ew other sports teams at MVHS have experienced the number of changes the swim team has had to face. With three different sets of coaches in the past four years and ceaseless adjustments to the training schedule, nothing has remained constant for the swimmers except one thing: their passion for swimming.
Photos by Chetana Ramaiyer.
Last season, the team felt disorganized due to the lack of experience of former coach Cyrus Kahangi. This season, under the new leadership of head coach Troy Nissen and assistant coach Tyler Pickett, the team aims for the highest possible CCS placement for both genders, as well as possible qualification for the state meet that began just three years ago. The coaches also plan to make the season as enjoyable as it is rigorous.
“I want to make sure we start some great new traditions and bring back some old ones,” Nissen said. “Send our seniors out on a good note, getting ready for the future of MVHS swimming as well.”
As individuals, senior captains Justin Mo and Sara Ye hope to obtain personal best times in their strongest events. As captains, their goals are to provide support and effectively lead the team this season, with emphasis on hard work and sportsmanship.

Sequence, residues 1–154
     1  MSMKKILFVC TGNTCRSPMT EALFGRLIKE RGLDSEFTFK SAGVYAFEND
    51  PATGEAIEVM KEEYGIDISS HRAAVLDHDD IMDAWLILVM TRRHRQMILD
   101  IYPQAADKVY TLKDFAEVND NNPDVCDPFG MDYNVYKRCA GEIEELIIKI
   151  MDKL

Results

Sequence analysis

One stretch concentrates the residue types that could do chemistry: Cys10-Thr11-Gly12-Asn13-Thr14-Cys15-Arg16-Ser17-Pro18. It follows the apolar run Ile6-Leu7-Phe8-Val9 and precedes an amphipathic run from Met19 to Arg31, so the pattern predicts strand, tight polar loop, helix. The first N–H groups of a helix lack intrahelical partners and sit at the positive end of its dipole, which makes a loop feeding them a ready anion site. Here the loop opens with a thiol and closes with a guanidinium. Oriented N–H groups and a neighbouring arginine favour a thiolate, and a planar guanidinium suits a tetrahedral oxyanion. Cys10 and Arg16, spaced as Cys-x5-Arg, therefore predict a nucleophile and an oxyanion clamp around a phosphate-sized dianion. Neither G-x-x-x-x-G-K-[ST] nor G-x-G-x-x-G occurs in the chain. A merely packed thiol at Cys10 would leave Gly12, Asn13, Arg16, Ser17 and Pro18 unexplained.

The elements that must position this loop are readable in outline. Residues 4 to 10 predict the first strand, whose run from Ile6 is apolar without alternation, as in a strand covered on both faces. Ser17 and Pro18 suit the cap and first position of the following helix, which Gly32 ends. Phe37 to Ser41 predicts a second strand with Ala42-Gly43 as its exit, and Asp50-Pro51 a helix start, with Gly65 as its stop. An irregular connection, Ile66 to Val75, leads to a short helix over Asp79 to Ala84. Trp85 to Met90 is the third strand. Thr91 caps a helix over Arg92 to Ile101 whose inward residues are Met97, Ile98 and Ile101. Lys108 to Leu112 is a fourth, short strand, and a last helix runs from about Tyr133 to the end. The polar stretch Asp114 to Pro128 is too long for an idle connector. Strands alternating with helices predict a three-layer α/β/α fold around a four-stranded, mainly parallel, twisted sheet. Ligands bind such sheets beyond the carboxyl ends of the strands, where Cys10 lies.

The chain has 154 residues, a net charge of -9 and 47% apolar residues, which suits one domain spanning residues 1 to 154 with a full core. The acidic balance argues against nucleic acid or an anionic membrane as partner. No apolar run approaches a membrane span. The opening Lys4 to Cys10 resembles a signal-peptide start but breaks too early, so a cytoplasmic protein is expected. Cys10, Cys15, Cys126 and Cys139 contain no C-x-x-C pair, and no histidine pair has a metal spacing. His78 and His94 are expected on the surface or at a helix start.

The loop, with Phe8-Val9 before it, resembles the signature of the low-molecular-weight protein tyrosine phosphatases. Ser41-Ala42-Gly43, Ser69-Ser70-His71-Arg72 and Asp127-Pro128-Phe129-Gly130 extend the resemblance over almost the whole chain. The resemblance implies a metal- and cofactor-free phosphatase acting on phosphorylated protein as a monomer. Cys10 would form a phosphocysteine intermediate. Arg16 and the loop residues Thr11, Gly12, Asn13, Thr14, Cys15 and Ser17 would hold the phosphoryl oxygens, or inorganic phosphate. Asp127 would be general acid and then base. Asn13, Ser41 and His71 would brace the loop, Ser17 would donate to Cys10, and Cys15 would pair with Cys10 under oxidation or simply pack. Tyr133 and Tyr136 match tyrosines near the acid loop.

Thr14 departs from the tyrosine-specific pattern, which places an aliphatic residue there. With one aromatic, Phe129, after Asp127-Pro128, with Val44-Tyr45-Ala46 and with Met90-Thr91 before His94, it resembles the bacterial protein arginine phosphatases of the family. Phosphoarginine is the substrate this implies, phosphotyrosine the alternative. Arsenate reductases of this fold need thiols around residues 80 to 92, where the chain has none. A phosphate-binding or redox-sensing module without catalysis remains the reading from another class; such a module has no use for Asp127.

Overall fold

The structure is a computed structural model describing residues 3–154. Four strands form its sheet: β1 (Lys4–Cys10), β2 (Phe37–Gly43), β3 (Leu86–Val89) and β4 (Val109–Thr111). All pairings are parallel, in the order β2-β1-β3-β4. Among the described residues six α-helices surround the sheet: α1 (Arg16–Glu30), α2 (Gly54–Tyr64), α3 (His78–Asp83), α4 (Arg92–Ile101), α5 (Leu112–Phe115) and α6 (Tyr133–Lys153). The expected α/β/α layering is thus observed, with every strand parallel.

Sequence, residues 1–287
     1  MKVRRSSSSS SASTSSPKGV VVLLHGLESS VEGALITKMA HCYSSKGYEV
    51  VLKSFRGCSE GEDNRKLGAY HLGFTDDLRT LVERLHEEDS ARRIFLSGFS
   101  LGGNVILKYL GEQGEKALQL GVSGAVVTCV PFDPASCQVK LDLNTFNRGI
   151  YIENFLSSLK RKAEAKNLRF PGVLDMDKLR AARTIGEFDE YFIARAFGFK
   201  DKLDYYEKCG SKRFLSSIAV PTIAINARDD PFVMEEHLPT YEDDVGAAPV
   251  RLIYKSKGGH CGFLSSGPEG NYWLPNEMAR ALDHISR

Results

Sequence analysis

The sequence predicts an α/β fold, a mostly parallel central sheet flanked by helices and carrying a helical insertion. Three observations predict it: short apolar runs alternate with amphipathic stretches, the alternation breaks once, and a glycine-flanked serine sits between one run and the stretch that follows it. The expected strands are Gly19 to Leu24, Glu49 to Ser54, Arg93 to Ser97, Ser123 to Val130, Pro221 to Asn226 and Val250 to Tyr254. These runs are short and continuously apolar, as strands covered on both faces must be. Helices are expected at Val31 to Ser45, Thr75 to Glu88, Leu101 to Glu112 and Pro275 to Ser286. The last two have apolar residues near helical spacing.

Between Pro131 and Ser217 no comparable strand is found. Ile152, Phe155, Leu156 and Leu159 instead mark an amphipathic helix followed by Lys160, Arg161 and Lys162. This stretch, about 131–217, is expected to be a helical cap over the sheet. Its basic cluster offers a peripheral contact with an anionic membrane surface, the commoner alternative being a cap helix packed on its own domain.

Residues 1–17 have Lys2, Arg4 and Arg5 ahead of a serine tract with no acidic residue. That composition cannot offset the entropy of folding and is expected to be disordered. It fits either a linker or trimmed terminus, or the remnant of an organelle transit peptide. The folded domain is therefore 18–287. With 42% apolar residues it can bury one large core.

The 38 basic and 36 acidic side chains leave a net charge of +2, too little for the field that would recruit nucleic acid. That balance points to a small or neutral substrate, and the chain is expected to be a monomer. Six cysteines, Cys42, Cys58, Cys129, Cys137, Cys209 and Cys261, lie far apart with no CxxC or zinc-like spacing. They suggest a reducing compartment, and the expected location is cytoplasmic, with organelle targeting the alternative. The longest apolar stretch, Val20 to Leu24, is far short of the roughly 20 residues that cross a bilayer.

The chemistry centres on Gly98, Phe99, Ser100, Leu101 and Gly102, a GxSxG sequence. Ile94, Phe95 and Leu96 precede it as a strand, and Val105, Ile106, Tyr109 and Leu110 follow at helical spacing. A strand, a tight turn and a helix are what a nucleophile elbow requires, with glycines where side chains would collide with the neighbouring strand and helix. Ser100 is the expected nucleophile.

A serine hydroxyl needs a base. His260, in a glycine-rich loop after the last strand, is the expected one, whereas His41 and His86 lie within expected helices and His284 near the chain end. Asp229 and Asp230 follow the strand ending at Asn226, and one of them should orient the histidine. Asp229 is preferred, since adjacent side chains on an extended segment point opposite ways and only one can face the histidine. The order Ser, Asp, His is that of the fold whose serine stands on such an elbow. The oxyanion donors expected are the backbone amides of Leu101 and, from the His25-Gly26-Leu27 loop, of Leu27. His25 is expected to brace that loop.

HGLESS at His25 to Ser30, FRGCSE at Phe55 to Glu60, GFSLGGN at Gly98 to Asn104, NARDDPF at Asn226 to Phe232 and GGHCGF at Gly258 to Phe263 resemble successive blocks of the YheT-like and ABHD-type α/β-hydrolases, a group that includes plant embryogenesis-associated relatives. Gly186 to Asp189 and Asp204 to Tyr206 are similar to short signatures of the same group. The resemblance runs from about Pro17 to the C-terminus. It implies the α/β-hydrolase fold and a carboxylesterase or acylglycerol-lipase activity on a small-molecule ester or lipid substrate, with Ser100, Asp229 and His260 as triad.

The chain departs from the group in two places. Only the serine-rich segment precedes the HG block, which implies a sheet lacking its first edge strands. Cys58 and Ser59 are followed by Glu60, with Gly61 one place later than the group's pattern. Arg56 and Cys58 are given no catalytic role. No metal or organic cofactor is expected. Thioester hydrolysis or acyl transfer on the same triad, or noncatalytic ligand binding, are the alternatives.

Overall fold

Even though people think that swimming isn’t a team sport, I think it’s the most ‘team sport’ out there because you’re looking to improve yourself and support your teammates in their own eventscaptain senior sara ye“I hope that we can come together as a team and give our best effort at every meet,” Mo said. “We have two great new coaches and our team should treat them with the respect that they deserve.”
And though winning meets is important, Ye expresses that improving the dynamic and unity among the team is key.
“[Working] together as a team, getting more people cheering for each other,” Ye said. “Even though people think that swimming isn’t a team sport, I think it’s the most ‘team sport’ out there because you’re looking to improve yourself and support your teammates in their own events.”
This season, the team consists of those who have been swimming year-round since the age of five, those who are traditionally water polo players hoping to maintain their shape and improve their skill and those who had only recently joined the sport. Keeping these diverse levels in mind, Nissen intends to achieve the team’s goals by ensuring that everyone receives the appropriate training, as well as helping to rebuild the team culture from the years before.
“Our big thing here is that we’re a team of individuals doing what they need to do to be the best that they can be for this team,” Nissen said. “And if everyone is doing their best, getting their strongest, learning their most, then we’re going to really do well together at dual meets, league champs, and CCS.”